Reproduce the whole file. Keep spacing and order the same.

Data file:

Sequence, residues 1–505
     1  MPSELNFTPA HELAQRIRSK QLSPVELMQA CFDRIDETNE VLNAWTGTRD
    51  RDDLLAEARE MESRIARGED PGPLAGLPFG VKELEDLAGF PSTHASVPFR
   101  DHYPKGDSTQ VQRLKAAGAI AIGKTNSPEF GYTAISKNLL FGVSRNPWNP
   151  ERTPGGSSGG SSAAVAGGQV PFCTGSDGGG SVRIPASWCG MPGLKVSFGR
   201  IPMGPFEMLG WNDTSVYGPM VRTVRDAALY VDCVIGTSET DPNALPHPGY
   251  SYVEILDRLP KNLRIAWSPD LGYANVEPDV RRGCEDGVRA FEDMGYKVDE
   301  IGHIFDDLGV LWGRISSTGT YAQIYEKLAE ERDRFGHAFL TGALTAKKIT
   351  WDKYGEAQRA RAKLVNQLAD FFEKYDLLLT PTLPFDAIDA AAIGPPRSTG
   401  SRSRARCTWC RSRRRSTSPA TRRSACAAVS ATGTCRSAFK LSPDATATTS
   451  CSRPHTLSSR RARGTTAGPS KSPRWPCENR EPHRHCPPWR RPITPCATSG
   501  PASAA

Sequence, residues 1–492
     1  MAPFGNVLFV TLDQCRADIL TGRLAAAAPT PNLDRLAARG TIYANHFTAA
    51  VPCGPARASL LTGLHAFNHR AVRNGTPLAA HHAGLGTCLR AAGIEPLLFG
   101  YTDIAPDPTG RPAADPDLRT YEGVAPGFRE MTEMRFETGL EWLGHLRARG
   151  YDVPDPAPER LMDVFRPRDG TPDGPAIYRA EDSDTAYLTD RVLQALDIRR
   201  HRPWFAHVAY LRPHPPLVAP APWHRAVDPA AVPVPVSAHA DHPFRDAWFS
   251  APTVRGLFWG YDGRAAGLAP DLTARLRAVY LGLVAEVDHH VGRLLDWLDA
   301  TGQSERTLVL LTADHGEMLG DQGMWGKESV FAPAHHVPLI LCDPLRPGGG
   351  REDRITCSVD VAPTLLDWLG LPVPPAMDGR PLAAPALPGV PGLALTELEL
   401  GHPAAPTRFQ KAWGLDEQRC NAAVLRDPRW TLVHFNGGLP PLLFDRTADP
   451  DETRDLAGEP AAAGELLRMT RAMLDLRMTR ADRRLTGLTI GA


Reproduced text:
Sequence, residues 1–505
     1  MPSELNFTPA HELAQRIRSK QLSPVELMQA CFDRIDETNE VLNAWTGTRD
    51  RDDLLAEARE MESRIARGED PGPLAGLPFG VKELEDLAGF PSTHASVPFR
   101  DHYPKGDSTQ VQRLKAAGAI AIGKTNSPEF GYTAISKNLL FGVSRNPWNP
   151  ERTPGGSSGG SSAAVAGGQV PFCTGSDGGG SVRIPASWCG MPGLKVSFGR
   201  IPMGPFEMLG WNDTSVYGPM VRTVRDAALY VDCVIGTSET DPNALPHPGY
   251  SYVEILDRLP KNLRIAWSPD LGYANVEPDV RRGCEDGVRA FEDMGYKVDE
   301  IGHIFDDLGV LWGRISSTGT YAQIYEKLAE ERDRFGHAFL TGALTAKKIT
   351  WDKYGEAQRA RAKLVNQLAD FFEKYDLLLT PTLPFDAIDA AAIGPPRSTG
   401  SRSRARCTWC RSRRRSTSPA TRRSACAAVS ATGTCRSAFK LSPDATATTS
   451  CSRPHTLSSR RARGTTAGPS KSPRWPCENR EPHRHCPPWR RPITPCATSG
   501  PASAA

Sequence, residues 1–492
     1  MAPFGNVLFV TLDQCRADIL TGRLAAAAPT PNLDRLAARG TIYANHFTAA
    51  VPCGPARASL LTGLHAFNHR AVRNGTPLAA HHAGLGTCLR AAGIEPLLFG
   101  YTDIAPDPTG RPAADPDLRT YEGVAPGFRE MTEMRFETGL EWLGHLRARG
   151  YDVPDPAPER LMDVFRPRDG TPDGPAIYRA EDSDTAYLTD RVLQALDIRR
   201  HRPWFAHVAY LRPHPPLVAP APWHRAVDPA AVPVPVSAHA DHPFRDAWFS
   251  APTVRGLFWG YDGRAAGLAP DLTARLRAVY LGLVAEVDHH VGRLLDWLDA
   301  TGQSERTLVL LTADHGEMLG DQGMWGKESV FAPAHHVPLI LCDPLRPGGG
   351  REDRITCSVD VAPTLLDWLG LPVPPAMDGR PLAAPALPGV PGLALTELEL
   401  GHPAAPTRFQ KAWGLDEQRC NAAVLRDPRW TLVHFNGGLP PLLFDRTADP
   451  DETRDLAGEP AAAGELLRMT RAMLDLRMTR ADRRLTGLTI GA